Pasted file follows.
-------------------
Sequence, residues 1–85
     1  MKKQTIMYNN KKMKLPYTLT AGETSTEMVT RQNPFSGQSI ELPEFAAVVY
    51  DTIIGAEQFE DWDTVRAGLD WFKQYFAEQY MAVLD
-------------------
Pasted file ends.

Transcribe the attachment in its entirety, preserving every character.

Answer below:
Sequence, residues 1–85
     1  MKKQTIMYNN KKMKLPYTLT AGETSTEMVT RQNPFSGQSI ELPEFAAVVY
    51  DTIIGAEQFE DWDTVRAGLD WFKQYFAEQY MAVLD